I am devoting this chapter entirely to the subject of how to practise the piano, and shall try to point out here what I have
found from my experience to be the most efficacious way of setting about it. Broadly speaking, the cardinal rules to be observed in all practising should be, first, great attention to detail ; secondary,avoid any over-fatigue, both mental and physical. It is also most necessary for the attainment of the best results to set up from the outset some fixed schedule of practising. Systematically ordered work is such an inestimable help in all stages of piano playing, but more especially in the elementary one, as I myself well know, for I had the good fortune to start my pianoforte education with teachers who were steeped in the best traditions. My first one was my father, Prof. Michael Hambourg, who had been a pupil of Nicholas Rubinstein ; while my second, the famous Leschetitzky, had studied with Czerny.And Czerny especially represents the school of pianoforte playing which has produced many of the greatest pianists of modern times, his influence extending through Liszt, Anton Rubinstein, Tausig, etc., down to many famous pianists of to-day.
Tips about how to practise the piano
Therefore I am a great believer in starting to study according to a good method, or school, as we call it. Such a method will train the mind and fingers in a definite and organized trend of technical development. Of course, it is a good thing as well to acquire a theoretical and general musical education, but I think, especially in the training of children who intend to become professionals later on, that it is imperative that their main energy and time should be directed first of all to learning how to master the technical difficulties of their instrument. I do not believe that musical children learn much away from the piano, at least they cannot acquire the actual – mechanical facility of playing except at the keyboard. I wish to lay stress on this fact, because there are in fashion just now so many clever ways of educating children musically. For instance, they are taught how to compose fugues in imitation of Bach after a few hours of tuition, etc. This kind of instruction is doubtless of advantage in stimulating general musical knowledge and, above all, for training unmusical little ones and developing the faculty which might otherwise be completely lost to them, but in the education of the young pianist such systems must never be allowed to obscure the main issue, which has always to be, first of all,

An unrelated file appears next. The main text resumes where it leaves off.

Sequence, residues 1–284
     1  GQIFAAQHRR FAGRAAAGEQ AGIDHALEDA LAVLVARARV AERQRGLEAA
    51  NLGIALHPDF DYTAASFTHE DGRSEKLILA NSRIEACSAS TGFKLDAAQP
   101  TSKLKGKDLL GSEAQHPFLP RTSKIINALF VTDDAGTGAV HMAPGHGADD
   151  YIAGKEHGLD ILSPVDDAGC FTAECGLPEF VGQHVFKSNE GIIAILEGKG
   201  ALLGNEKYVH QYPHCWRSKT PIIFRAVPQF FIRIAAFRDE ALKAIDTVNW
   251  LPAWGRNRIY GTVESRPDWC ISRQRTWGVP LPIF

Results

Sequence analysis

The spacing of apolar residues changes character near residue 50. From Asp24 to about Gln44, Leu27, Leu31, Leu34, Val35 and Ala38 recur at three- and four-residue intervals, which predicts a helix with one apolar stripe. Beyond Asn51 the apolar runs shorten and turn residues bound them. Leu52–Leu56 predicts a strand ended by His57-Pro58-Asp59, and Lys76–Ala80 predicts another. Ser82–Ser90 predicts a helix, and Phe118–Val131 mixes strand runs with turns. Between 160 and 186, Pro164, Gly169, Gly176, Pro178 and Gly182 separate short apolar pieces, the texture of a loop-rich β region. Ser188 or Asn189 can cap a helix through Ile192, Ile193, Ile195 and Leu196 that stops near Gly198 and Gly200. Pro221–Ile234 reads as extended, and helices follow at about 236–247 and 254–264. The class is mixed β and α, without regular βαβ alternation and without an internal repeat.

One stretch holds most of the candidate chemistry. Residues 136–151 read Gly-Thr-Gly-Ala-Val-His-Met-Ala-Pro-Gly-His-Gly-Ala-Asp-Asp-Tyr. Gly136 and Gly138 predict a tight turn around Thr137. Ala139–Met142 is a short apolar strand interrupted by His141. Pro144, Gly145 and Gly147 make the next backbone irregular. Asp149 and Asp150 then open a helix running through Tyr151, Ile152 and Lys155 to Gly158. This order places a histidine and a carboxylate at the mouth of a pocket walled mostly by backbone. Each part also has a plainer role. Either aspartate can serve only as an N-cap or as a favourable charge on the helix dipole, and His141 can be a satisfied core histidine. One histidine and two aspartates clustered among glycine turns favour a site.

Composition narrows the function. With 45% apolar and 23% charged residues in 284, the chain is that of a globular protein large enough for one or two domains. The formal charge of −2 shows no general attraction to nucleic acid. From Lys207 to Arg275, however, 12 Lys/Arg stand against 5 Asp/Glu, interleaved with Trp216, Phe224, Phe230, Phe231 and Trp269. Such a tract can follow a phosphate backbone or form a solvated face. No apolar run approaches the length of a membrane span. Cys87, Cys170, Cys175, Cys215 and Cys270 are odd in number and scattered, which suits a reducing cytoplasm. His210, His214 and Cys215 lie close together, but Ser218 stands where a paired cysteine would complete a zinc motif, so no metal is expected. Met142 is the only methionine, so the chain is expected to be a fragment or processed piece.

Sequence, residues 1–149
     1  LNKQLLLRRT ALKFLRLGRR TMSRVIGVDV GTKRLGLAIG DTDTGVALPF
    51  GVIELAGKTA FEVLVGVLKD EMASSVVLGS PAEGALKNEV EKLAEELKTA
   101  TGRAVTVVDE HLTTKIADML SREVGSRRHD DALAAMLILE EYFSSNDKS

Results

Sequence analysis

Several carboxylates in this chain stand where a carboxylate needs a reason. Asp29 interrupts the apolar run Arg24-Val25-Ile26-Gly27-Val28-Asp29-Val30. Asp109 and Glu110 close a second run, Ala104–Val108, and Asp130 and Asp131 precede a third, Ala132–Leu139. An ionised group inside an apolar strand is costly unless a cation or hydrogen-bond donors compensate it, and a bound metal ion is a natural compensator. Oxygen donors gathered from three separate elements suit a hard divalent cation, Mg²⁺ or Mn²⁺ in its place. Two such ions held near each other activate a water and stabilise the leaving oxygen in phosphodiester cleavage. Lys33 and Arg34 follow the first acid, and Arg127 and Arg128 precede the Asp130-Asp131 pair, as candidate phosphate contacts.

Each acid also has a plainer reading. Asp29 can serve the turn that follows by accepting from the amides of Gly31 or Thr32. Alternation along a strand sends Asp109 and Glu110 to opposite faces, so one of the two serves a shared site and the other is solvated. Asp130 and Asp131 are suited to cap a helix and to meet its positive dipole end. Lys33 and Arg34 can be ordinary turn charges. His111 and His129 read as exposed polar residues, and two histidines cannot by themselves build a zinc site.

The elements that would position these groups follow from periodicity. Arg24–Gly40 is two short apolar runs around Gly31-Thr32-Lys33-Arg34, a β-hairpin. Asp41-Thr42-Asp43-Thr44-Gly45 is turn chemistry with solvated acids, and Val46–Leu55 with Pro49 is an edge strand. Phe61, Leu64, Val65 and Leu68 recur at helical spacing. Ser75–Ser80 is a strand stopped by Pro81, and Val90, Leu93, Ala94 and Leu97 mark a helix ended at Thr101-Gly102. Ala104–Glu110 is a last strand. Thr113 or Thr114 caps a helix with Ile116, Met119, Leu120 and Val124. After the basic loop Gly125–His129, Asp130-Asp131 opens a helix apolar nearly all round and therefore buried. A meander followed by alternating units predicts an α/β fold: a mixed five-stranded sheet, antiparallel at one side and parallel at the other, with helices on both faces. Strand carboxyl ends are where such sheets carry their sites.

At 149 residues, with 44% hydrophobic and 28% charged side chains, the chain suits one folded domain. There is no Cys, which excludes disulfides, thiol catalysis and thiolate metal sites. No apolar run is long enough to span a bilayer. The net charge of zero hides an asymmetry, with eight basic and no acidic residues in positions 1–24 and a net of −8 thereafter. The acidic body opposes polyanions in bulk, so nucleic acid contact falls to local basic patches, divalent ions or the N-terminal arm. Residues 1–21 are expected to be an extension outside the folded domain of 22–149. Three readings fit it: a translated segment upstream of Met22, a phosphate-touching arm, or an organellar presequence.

the acquirement of absolute proficiency at the keyboard.
How to practise the piano in early childhood
Practice in early childhood should never be for a period of
more than half an hour, and the whole amount to be done should not exceed one hour. Also care ought to be taken to procure music for children to study which will appeal to their imaginations, and even their exercises should be in pleasant forms of sound, which will help to keep them interested. And the best thing is to instil as soon as possible into the mind of the child the desire for beauty of touch and clearness of execution.